The Bath, Jávea, Joaquín Sorolla y Bastida, 1905

Oil on canvas, The Met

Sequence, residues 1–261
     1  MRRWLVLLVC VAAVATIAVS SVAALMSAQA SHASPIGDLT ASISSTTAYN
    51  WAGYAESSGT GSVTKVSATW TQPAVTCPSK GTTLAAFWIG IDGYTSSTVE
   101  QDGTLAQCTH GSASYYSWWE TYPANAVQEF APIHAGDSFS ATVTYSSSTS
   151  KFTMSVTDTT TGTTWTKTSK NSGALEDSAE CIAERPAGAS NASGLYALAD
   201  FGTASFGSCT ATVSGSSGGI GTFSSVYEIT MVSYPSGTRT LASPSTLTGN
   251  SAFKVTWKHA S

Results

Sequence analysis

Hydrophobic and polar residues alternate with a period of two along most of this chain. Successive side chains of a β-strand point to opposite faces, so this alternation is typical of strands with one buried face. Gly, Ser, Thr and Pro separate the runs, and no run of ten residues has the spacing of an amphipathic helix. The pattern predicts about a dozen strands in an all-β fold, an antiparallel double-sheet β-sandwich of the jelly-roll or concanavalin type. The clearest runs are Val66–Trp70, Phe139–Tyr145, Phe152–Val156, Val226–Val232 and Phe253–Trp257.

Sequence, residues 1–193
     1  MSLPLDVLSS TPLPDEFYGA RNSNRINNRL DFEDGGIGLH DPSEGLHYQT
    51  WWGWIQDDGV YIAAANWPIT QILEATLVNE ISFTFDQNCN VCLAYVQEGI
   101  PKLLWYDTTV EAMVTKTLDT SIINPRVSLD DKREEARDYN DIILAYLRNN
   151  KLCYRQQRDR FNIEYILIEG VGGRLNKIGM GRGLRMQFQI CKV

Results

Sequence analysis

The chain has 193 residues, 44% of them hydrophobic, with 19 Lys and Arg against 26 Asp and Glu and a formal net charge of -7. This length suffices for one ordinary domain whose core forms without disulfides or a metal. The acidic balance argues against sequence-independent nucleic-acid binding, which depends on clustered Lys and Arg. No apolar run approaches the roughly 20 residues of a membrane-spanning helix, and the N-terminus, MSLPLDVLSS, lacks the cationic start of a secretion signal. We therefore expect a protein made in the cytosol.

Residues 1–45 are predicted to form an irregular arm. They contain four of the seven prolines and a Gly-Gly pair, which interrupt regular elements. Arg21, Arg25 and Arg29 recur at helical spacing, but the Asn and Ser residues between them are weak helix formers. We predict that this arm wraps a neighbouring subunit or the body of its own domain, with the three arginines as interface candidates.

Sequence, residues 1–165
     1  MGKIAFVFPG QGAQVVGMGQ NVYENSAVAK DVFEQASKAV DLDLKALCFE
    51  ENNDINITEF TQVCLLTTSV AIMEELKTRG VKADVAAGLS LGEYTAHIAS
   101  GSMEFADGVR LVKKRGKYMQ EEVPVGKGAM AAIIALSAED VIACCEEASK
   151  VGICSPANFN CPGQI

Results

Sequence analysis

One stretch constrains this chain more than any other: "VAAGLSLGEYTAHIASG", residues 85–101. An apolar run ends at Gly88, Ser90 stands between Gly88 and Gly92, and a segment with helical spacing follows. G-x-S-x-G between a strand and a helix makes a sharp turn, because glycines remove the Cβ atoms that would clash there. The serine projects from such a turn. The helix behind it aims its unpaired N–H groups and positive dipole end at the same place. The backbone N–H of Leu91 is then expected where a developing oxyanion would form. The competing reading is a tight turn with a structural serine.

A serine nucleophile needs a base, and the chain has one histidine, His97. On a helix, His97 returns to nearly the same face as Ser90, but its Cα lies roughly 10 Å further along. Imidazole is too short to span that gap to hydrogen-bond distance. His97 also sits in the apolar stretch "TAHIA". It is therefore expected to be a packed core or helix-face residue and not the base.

The flow and sparkle of the river spills across the entire canvas. The small naked child in the foreground has her back to us– she’s about to jump in and join her friends whose white and pink gowns are already clinging to their bodies and floating in the water. Even though the little girl’s distinct shape separates her from the dream-like scene, the same melting shades of yellow, green, and blue are reflected in her skin and in the shadows cast on it. The smallest shadow, cast by her left shoulder blade onto her back, gives her a level of naturalism that contrasts with her flowy, dreamy surroundings. Her feet are in transition, inches from the water and already blurrier than the rest of her that is to follow. She wears a red ribbon in her braided brown hair, the sole addition to her soft, glowing body. The only face revealed to us within the scene is faceless. It’s that of the white-gowned older girl, and it only further emphasizes this lake as a dream-scape– elusive and blurry, but sparkling and beautiful. The little girl’s friends led her, and now she’s leading us to the lake.

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